I worry sometimes that we’ve lost touch with the elemental pleasure of going to the movies for a good cry. Particularly now, when the world is too much with us, it can be enormously cathartic to just go into a dark room and sob for a little while. Bradley Cooper’s confidently melodramatic remake of “A Star is Born” understands this better than most pictures. It’s big, brashly old-fashioned pop entertainment with just enough tiny touches of modernity to feel fresh. This is the kind of movie everybody says they don’t make anymore.
Of course they’ve already made it a whole bunch of times before, starting with George Cukor’s “What Price Hollywood” in 1932, which was reconfigured five years later into a “A Star is Born” by director William Wellman. For my money the definitive edition remains Cukor’s 1954 re-take starring Judy Garland and James Mason, but I’ll cop to an irrational soft spot for the (largely terrible) 1976 rock musical headlined by an afro’ed Barbara Streisand and Kris Kristofferson during an era when he was apparently allergic to shirts.
Plot-wise Cooper’s redux hews most closely to the Streisand version, though film buffs can lose an afternoon listing all the homages and asides he’s thrown in referencing the story’s previous incarnations. The first-time director stars here as Jackson Maine, a superstar country rocker in shambles, self-medicating his tinnitus with whiskey and pills. One night after a gig he drunkenly staggers into a drag bar where he and we both are instantly smitten by the lady with electrical tape eyebrows singing “La Vie En Rose.”
This is Ally, played by Stefani Germanotta — Lady Gaga to the rest of us — in a revelatory performance that one would call star-making were she not already one of the most famous people on the planet. Unlike the usual mousy ingenues in this oft-told tale, Ally’s a tough broad who’s been around the block a few times. (On her first date with Jackson she punches a cop.) Gaga is a captivating screen presence, coarsened yet vulnerable, with a singing voice that blows open doors to other universes.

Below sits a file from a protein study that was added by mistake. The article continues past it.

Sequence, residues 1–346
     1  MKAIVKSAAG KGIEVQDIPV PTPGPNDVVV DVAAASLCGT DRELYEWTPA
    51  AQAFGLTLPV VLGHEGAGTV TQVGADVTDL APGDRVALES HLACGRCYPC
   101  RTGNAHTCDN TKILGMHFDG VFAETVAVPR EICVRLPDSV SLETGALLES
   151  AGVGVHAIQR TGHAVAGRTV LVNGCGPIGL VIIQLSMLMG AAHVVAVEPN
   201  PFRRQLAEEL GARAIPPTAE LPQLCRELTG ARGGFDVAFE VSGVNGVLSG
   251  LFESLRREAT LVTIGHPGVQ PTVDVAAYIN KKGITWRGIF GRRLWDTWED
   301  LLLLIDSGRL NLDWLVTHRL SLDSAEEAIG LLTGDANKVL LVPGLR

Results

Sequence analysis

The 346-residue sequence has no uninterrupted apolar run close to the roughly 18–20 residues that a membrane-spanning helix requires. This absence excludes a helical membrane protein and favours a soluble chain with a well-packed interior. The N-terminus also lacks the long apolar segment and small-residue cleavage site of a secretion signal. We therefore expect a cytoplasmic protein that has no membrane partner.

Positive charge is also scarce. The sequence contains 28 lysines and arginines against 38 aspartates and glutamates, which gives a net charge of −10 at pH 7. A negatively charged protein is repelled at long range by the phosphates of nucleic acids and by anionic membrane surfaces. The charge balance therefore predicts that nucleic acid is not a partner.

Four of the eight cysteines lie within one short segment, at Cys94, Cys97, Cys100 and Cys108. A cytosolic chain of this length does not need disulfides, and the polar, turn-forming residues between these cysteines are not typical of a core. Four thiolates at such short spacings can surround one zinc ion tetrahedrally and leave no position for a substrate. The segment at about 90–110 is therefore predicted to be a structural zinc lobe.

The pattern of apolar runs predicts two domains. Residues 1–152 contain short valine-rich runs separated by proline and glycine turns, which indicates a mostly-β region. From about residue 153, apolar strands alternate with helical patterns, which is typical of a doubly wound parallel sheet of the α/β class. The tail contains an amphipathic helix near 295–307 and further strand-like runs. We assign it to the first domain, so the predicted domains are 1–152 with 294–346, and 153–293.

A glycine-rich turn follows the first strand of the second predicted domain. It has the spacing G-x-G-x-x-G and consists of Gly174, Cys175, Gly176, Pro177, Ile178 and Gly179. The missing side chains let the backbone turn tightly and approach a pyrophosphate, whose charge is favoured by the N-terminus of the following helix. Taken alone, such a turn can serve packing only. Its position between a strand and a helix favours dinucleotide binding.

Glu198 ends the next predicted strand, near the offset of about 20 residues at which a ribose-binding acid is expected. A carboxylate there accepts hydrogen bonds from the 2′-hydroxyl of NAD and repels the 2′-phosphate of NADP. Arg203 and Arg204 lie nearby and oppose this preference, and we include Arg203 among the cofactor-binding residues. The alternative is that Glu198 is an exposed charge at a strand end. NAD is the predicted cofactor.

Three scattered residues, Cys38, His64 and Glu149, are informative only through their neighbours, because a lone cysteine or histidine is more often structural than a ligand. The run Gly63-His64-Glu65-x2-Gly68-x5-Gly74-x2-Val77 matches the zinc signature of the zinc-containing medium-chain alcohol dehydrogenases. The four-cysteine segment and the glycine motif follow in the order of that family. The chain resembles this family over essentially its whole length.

The swooningly romantic first hour or so of “A Star is Born” is about as good as mainstream movies get. There’s an air of casual enchantment to their courtship, with Matthew Libatique’s shimmering cinematography conveying that first flush of infatuation where the nights seem to stretch out with endless possibility. Cooper brings a tenderness to Jackson’s stuporous overtures, somehow charming even when he’s passing out on the couch before she can get him into bed.
It’s all very nicely layered and lived-in. There are a couple of lovely supporting performances by Sam Elliott as Jackson’s long-suffering older brother and Andrew Dice Clay as Ally’s doting, limo-driver dad. (I love that he and his chauffeur buddies all hang out and gamble on Japanese horse races when they finish work at six in the morning, one of the movie’s many little bits of texture that add shading to the obvious archetypes.)
We all know where this is going, as according to Hollywood legend her success must eclipse his and further inflame Jackson’s demons to tragic ends. It’s a bullet-proof formula for a four-hankie tear-jerker and credit goes to Cooper for not shying away from the melodrama while staying just an inch or two on the right side of tacky. You could hardly call this movie restrained, but it’s not hysterical either — a delicate balancing act, particularly for a first-time filmmaker.
My one big complaint is the characterization of Ally’s manager, played a bit too fiendishly by Rafi Gavron. When the record company tries to package her as a dance music pop tart, the screenplay succumbs to the hoary old chestnut that somehow Ally is more “authentic” when she’s going acoustic. (We call this the fallacy of “MTV Unplugged.”) It is of course quite possible to make electronic dance music and keep your artistic integrity intact, and one need look no further than to the career of the woman starring in this film.
Luckily Cooper doesn’t spend too much time bogged down in that particular subplot and pulls out all the stops for his big finish. (I was a wreck.) There’s a reason this story has been told so many times — because it works. One could quibble that this version is perhaps too beholden to the films that have come before — besides the drag bar it doesn’t add much in the way of daring or originality — but then you don’t go see a cover band to hear something new. Elliott gets a monologue talking about how all songs are basically the same twelve bars, but the movie needn’t be so defensive. “A Star is Born” is an American standard, beautifully sung.